Dismiss Notice
Join Physics Forums Today!
The friendliest, high quality science and math community on the planet! Everyone who loves science is here!

Homework Help: Calculate the Current, Lost Volt and P.d across parallel resistors?

  1. May 10, 2008 #1
    1. The problem statement, all variables and given/known data
    http://img508.imageshack.us/img508/9121/10052008ei3.png [Broken]
    (a) Calculate the Current across parallel resistors.
    (b) Calculate the lost volt across parallel resistors.
    (c) Calculate the potential difference across parallel resistors.

    2. Relevant equations
    [tex]I = \frac{V}{R}[/tex]

    [tex]Lost \ Volt = Ir[/tex]

    [tex]V = IR[/tex]

    3. The attempt at a solution
    (a) [tex]1.5A[/tex] (I just added the currents of the parallel resistors.)

    (b) [tex]Lost \ Volt = Ir[/tex]

    [tex]= 1.3 \times 1.5[/tex]

    [tex]= 1.95V[/tex]

    [tex]= 2.0V[/tex]

    (c) Need Help in solving it...

    Thnx in advance
    Last edited by a moderator: May 3, 2017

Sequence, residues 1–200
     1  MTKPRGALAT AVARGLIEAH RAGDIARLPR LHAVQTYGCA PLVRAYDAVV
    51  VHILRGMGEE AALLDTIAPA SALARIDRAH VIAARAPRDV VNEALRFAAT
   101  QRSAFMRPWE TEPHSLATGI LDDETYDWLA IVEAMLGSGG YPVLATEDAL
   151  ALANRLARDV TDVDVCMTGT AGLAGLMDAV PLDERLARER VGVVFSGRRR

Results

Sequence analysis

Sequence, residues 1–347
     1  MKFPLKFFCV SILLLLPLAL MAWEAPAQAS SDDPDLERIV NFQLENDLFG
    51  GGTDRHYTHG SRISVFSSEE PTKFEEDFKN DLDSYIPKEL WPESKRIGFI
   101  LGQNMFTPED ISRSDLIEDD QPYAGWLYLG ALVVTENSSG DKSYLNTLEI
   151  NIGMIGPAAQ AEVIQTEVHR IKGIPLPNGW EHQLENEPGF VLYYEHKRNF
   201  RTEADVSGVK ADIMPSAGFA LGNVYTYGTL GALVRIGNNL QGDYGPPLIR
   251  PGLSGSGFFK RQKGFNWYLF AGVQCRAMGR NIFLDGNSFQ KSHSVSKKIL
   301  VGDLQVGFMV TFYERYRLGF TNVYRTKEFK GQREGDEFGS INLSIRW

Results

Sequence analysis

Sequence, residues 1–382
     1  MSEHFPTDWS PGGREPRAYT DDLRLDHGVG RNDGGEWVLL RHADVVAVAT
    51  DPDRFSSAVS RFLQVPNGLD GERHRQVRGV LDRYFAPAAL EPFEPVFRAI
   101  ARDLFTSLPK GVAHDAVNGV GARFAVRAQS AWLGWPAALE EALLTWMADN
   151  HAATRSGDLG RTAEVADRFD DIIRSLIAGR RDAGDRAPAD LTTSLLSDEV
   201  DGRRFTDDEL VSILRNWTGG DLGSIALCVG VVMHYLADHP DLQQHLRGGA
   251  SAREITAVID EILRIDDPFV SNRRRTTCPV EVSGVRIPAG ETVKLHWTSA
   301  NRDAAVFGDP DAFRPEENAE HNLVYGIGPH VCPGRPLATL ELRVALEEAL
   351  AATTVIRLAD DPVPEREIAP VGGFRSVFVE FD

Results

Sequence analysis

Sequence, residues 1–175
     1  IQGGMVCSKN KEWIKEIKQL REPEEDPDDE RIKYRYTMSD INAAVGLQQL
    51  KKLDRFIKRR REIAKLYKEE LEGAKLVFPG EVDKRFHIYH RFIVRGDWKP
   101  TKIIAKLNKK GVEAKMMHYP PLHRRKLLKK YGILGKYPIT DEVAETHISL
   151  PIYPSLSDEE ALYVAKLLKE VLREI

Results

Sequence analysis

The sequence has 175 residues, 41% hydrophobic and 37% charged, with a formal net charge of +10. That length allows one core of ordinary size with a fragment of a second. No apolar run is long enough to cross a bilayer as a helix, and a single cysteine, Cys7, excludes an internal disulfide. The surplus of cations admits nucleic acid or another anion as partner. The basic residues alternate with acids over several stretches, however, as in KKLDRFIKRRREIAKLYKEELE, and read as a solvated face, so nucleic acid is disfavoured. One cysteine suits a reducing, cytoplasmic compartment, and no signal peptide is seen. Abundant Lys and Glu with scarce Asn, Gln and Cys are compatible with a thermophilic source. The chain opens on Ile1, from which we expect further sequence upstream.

2. jcsd
  3. May 10, 2008 #2


    User Avatar
    Homework Helper

    What exactly does "lost volt" refer to?

    For (c), recall what is the expression for voltage across a resistor. Also try to recall what so special about the potential difference across parallen circuit components. Then just plug in the numbers and you're done.
  4. May 10, 2008 #3
    That the problem, I don't really know what Lost Volt is?!

    (c) [tex]V_1 = IR = 1.17 \times 6 = 7V[/tex]

    [tex]V_2 = IR = 0.33 \times 21 = 7V[/tex]

    So, the voltage across the parallel resistors is [tex]7V[/tex] ?
  5. May 10, 2008 #4


    User Avatar
    Homework Helper

    Yes, that should be it. Anyway, I have no idea what "lost volt" refers to. Maybe you could ask your teacher who set the question.
  6. Nov 25, 2010 #5
    I'm pretty sure the lost volt is the resistance inside the battery. Once you work out the lost volt you can minus that from the voltage of the battery and work out the real value of V. Most questions dont include thw lost volt because it is quite small and considered negible. I think they are probably just making you aware of it and know hoe=w to calculate it.
Share this great discussion with others via Reddit, Google+, Twitter, or Facebook